Cinematic History in the Making at the Tribeca Film Festival

Since perfecting the studio system of motion picture production in the early 20th-century, Hollywood has dominated the international film scene. Even today, if you want to immerse yourself in the world of blockbuster productions, L.A. is the place to be. If you’re interested in experiencing the full scope of what cinema can do, however—from indie films by emerging talent to experimental art-house production to documentaries, foreign film, and more—New York delivers the most cutting-edge work expanding the boundaries of what cinema is and could be. From Wednesday, April 24, through Sunday, May 5, NYC will host the 18th Annual Tribeca Film Festival, recognized across the world for shining the spotlight on never-before-seen films by both industry giants and the most promising up-and-coming talent around. The festival will open at the legendary Apollo Theater with the world premiere of The Apollo, a riveting documentary from Academy Award-winning director Roger Ross Williams. In The Apollo, Williams tells two overlapping narratives: one the story of the Apollo Theater itself, which since 1934 has been a bastion of African-American expression and advancement through the arts, the other the story of the theater’s staging of a particularly breathtaking performance, Ta-Nehisi Coates’s Between the World and Me. Among the other 102 titles going up at the festival are world premieres by Christoph Waltz, Margot Robbie, and Jared Leto and documentaries by Werner Herzog and Antoine Fuqua.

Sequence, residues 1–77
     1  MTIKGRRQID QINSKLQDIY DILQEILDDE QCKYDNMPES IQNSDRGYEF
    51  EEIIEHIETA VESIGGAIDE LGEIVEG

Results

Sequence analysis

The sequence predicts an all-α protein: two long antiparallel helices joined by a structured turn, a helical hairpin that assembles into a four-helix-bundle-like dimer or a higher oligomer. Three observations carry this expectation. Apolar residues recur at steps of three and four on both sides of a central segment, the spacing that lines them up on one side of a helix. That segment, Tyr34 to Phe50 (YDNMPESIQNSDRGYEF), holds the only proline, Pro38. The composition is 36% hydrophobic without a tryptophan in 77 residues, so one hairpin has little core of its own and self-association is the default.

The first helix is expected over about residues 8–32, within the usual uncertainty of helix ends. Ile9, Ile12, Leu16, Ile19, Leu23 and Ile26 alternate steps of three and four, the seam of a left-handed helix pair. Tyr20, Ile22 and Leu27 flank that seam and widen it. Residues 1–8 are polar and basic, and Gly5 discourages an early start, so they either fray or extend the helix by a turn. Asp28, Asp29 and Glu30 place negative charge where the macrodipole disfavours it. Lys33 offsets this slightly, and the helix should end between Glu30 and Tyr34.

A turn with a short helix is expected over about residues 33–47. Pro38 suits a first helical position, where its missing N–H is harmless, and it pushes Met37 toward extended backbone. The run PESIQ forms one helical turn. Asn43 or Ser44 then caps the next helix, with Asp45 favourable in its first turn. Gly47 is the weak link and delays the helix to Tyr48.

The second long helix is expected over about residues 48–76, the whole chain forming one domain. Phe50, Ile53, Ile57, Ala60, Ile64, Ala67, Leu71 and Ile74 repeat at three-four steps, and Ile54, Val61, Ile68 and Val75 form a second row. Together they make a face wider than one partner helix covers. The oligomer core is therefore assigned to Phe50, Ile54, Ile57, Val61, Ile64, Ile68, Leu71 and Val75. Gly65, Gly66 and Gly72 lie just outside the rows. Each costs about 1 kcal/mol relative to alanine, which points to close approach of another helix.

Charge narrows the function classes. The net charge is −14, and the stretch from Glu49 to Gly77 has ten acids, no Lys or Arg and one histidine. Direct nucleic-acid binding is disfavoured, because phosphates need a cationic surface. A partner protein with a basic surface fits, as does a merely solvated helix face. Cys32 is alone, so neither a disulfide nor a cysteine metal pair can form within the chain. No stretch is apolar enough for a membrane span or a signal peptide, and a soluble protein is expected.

Leave Your Mark

Your email address will not be published. Required fields are marked *